Using Facebook to Turn Around Adoption Rates

Using Facebook to Turn Around Adoption Rates

When I first started in animal welfare, a rescue organization sent me to pull a dog from a local public shelter. When I arrived, they gave me a list of 12 canines that were scheduled to be euthanized the following morning. Looking into the eyes of each of these dogs, it was absolutely devastating to know that I could only choose to take one of them. I knew at that moment, we had to find a better way to get more homeless animals into forever homes.

Facebook has given modern-day shelters the golden opportunity to promote these powerless animals. Doing so effectively yields tremendous results and can be accomplished at low cost and with relative ease — as long as we don’t overthink it.

Driving Adoptions: How to Turn It Around

In the spring of 2015, Woods Humane Society had a Facebook audience of about 7,000 people and adopted out an average of 975 animals per year. At that time, Woods Humane made dynamic changes to broaden intake practices and to ensure that the beautiful, fully-staffed facility was using all available resources to serve as many animals as possible.

Over the course of a year, thanks to the implementation of a few simple strategies:

  1. The Woods Humane Facebook audience grew over 400% to 37,000.
  2. The most recent annual adoption figure jumped to 1,759 dogs and cats. This is an 80% increase in adoptions over the prior four-year average.
  3. The average length of stay went from 31.7 days in 2014 down to 16.8 days over the past year. That’s a reduction of over two weeks!

We know this isn’t a fluke. We now use Facebook to keep our adoption programs moving. Here are the strategies that we have found to be most effective:

  • Frequent posts of highly adoptable animals. Nothing drives traffic to your facility better than quality images of highly adoptable animals. Sometimes we refer to these as “adoption candy.” Posting such animals on Facebook is the best way to truly “fast track” those animals out of your facility, while drawing people in to see all of the amazing animals in your care. We recommend you post at least two adoptable pets per day to keep your animals at the forefront of public awareness.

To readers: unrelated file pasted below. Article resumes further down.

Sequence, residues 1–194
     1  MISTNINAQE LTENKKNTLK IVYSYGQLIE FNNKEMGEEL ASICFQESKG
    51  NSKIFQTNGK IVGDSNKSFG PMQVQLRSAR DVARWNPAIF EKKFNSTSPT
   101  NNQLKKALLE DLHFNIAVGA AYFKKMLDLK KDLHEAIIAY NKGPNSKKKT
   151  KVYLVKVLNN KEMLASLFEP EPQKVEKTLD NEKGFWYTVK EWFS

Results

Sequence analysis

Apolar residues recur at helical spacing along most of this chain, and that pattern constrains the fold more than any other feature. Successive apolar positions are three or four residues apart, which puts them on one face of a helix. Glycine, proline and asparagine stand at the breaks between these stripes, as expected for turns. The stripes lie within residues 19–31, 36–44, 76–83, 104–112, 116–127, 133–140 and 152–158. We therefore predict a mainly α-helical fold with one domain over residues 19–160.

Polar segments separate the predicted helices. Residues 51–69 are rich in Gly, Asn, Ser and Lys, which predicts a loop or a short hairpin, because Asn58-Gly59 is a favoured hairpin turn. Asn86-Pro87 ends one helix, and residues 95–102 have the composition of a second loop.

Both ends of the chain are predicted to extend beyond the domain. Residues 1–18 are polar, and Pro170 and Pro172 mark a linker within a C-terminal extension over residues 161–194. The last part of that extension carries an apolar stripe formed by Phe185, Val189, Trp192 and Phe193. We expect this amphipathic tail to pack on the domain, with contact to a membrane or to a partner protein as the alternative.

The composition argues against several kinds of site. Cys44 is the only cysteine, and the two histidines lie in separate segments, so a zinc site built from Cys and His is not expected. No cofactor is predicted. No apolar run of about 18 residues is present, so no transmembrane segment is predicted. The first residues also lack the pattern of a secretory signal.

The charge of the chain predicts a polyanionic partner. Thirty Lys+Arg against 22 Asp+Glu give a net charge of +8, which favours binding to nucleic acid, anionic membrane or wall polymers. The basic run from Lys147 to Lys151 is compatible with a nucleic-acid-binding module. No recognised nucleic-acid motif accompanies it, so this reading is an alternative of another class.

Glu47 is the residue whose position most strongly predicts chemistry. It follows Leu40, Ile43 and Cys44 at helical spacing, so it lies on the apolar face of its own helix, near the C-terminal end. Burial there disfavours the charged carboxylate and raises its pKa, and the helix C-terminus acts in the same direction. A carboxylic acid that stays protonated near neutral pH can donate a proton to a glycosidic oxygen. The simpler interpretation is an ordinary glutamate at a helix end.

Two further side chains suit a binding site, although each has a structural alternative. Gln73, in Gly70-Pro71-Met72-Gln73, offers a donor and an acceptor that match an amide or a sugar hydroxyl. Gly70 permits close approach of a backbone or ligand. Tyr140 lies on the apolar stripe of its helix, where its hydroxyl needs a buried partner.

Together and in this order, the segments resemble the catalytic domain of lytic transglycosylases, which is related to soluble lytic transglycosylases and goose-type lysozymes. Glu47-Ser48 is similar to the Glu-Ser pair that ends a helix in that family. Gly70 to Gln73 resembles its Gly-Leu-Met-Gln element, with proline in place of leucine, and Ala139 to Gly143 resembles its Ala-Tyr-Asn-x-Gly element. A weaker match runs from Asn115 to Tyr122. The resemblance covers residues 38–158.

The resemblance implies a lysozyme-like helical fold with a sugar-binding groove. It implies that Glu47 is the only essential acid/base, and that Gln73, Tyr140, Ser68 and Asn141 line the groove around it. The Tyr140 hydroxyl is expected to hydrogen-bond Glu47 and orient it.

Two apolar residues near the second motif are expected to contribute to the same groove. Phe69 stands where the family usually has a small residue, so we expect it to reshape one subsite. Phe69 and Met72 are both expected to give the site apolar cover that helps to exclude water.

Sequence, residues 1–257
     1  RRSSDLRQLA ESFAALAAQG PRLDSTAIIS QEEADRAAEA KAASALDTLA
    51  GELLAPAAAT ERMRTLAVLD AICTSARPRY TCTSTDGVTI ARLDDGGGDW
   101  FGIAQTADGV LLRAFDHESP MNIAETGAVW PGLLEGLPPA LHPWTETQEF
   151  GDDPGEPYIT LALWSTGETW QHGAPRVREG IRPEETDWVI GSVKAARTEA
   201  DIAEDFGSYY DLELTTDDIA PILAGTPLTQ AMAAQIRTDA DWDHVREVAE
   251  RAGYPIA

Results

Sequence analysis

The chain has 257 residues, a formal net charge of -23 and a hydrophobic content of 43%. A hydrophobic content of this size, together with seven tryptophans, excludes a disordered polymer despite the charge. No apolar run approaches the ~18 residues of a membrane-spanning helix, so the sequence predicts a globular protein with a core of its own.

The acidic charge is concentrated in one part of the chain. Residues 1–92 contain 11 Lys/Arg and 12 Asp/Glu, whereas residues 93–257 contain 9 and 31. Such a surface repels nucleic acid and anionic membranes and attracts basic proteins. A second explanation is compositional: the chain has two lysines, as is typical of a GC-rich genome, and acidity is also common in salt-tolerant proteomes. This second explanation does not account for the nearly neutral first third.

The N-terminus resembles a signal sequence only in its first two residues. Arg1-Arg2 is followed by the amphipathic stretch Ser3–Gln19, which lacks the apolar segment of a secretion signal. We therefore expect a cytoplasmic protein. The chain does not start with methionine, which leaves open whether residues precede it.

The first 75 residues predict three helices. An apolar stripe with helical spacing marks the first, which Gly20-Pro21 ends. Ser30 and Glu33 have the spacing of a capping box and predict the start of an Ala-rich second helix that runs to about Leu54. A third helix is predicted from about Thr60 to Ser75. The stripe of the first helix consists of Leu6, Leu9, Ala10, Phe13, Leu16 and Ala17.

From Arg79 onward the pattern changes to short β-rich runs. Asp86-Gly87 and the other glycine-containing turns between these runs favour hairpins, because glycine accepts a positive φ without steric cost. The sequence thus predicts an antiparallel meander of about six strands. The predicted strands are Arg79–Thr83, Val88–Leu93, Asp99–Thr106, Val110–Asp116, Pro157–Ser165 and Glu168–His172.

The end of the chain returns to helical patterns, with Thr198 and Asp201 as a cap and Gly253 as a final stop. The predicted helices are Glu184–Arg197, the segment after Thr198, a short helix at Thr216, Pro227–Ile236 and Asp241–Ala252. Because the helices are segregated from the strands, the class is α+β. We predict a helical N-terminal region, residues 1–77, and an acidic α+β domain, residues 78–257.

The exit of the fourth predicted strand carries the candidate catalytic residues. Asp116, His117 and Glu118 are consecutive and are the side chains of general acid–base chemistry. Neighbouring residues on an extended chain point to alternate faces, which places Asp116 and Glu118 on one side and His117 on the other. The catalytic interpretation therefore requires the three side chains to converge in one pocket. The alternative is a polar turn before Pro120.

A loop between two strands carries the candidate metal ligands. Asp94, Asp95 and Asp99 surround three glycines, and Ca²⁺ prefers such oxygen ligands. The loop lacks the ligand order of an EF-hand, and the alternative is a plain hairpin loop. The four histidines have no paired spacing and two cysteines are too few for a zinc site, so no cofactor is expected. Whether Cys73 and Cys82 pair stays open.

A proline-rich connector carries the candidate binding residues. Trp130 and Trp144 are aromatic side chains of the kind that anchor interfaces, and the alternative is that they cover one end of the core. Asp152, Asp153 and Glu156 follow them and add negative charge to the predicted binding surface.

• Promotion of special needs animals. Animals that have been at your facility for an extended period of time, those that have special needs, or pets that are not doing well in the shelter environment can really benefit from Facebook promotion. In our experience, these posts seem to work best with reduced frequency. We typically post no more than one or two per week.
  • Group posts. Our shelter often receives dozens of animals at a time from shelters within a 150 mile radius. As larger groups of animals become available, we like to post a dozen or more photos at a time to let the public know that we have a wonderful variety of animals available for adoption. Often, several of the posted animals are adopted that same day.
  • Videos. Videos are another powerful tool to help animals find great homes. You can do this whether you have someone available to edit them and lay down a nice sound track, or simply post a brief clip that your staff member of volunteer was able to capture on their phone. The ability for people to observe the animals in motion is often very compelling.
  • When to boost. Facebook has made it very economical for our organizations to reach more people. As the administrator of your page, you are offered the option to “boost” your post at the dollar level of your choosing. For as little as $5, you can “boost” the post of your adoptable animal to help it reach the Newsfeeds of more people in your area. Boosting posts is a great strategy to help increase your page likes while letting your community know that your facility is full of awesome animals just waiting to meet them.
  • Helping your posts go viral. With the caveat that we don’t want to “cry wolf” and over utilize this strategy, it is very effective to post special needs animals with a post that emphasizes that the animal is not doing well in the shelter and urgently needs a permanent home. Use a terrific photo or video and briefly make your case as to why this one is extra special. For example, a recent post promoting two Huskies up for adoption at Woods Humane was seen by over 120,000 people. At my former shelter, a post promoting an elderly German Shepherd was seen by over 500,000 people. That shelter now has a Facebook audience of over 58,000 people!

The Nuts and Bolts of Executing Your Strategy

I quickly learned that carving out that 90 seconds to grab an adoption photo, paste the description, reiterate our contact information, and post it to Facebook became the biggest driver of foot traffic to our shelter. It didn’t take long until adoptions took off and people were coming from near and far to meet the animal they just saw on the platform.